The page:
to the delays of the complex conjugate signals. The complex nonconjugate correlation
of the first signal and the or each of the second signals is then generated to provide
one or more complex correlation signals, and each of the complex correlation signals
is accumulated and multiplied by a convergence factor, to provide a weighting factor
for a respective first signal.
The preferred use of delays allows for effective cancellation
even if the crosstalk is frequencyselective. Furthermore, although the following
discussion is directed primarily to the correction of downconversion errors, any
similar I/Q errors in the transmitted signal can also be corrected.
It is assumed that there are no intentional conjugate
terms in the desired signals, and that the signals are noise like. This is true,
for instance, for DVBT and DAB COFDM signals. It is also true for OFDM signals
used in other applications such as in mobile telephony.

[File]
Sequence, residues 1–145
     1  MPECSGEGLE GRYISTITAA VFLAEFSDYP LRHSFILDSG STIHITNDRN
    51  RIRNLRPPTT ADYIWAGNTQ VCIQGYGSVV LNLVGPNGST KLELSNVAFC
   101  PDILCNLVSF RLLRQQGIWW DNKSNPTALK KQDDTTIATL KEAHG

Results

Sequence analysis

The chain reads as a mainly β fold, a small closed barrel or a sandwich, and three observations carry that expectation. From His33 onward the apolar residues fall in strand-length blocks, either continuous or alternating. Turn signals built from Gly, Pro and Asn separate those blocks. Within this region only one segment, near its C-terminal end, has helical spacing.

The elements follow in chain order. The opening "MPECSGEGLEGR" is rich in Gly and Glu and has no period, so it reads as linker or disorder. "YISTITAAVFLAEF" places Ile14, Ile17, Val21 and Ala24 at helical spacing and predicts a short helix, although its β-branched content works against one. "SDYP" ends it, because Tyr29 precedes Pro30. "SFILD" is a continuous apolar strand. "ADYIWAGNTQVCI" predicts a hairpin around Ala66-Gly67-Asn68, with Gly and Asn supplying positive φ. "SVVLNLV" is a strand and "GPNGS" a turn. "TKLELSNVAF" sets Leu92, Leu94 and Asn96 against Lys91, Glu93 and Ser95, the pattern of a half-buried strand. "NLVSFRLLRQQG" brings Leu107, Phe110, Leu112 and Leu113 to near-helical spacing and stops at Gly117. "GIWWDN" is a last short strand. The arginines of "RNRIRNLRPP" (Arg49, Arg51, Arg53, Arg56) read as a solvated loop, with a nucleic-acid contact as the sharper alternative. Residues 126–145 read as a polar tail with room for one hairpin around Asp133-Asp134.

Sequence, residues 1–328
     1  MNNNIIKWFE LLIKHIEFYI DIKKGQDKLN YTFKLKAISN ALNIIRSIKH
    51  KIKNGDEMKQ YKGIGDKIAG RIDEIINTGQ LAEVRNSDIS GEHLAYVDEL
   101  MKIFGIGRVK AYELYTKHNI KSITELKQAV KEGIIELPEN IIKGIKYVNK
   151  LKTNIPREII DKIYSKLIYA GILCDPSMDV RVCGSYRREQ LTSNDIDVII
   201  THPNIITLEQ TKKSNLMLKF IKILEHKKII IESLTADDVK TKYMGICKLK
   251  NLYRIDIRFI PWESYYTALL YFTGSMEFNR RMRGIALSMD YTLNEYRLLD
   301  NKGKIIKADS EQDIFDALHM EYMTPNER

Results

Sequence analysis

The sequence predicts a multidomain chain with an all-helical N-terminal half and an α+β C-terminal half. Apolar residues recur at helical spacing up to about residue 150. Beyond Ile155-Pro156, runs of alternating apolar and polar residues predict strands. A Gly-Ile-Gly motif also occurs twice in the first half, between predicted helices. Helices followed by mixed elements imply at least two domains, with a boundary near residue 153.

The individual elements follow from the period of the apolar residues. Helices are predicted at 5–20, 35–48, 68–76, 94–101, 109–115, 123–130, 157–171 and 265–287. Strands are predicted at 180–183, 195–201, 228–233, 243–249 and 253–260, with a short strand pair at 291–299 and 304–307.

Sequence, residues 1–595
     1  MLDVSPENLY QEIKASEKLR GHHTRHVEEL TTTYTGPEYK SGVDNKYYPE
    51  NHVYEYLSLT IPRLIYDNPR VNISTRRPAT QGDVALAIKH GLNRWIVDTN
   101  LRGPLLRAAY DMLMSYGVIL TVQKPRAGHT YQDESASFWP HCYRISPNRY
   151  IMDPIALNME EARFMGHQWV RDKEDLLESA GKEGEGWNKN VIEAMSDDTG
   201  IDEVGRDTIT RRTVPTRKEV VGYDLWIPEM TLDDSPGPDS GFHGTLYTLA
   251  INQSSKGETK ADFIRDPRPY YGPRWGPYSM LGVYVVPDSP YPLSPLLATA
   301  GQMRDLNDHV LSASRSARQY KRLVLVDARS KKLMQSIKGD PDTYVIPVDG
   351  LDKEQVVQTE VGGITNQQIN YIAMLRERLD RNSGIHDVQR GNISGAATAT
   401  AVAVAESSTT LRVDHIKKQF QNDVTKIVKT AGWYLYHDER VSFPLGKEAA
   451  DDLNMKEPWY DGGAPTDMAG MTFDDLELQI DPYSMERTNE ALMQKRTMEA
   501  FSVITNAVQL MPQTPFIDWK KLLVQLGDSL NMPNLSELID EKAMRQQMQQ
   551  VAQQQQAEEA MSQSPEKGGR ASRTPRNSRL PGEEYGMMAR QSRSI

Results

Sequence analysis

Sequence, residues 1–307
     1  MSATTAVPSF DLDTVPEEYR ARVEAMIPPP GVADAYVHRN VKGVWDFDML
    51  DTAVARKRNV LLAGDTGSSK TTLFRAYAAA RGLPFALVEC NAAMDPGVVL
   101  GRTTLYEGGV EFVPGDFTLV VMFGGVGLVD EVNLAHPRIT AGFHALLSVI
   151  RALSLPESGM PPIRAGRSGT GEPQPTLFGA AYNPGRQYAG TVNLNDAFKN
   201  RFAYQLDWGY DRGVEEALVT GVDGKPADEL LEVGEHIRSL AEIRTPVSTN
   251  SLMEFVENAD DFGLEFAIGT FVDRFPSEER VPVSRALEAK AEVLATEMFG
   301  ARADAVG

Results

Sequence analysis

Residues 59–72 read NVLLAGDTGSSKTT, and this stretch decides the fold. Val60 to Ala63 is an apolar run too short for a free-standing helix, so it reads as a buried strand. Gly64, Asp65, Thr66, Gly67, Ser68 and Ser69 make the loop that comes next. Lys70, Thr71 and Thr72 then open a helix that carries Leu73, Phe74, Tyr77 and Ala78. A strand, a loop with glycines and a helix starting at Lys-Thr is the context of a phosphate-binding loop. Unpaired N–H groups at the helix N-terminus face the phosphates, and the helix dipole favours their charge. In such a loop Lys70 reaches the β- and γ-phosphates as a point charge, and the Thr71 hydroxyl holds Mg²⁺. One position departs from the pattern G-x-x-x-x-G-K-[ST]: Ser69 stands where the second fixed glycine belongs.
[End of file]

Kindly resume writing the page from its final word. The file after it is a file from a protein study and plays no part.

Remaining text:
BRIEF DESCRIPTION OF THE DRAWINGS
The invention will now be described in more detail by way
of example with reference to the accompanying drawings, in which:

Fig. 1 is a block diagram of a first crosstalk canceller embodying the invention;

Fig. 2 is a block diagram of a second crosstalk canceller embodying the invention
based on Fig. 1 but extended to detect 'twosided' crosstalk terms; and

Fig. 3 is a block diagram of a third crosstalk canceller embodying the invention
also based on Fig. 1 and including a secondary LMS equalizer to compensate for certain
errors introduced in the crosstalk canceller.
DETAILED DESCRIPTION OF THE PREFERRED EMBODIMENTS
Various preferred embodiments of the invention will now
be described by way of example with reference to the drawings. The embodiments may
each be implemented in discrete hardware components, but may alternatively be implemented
in software in for example a digital signal processor (DSP), in which case the figures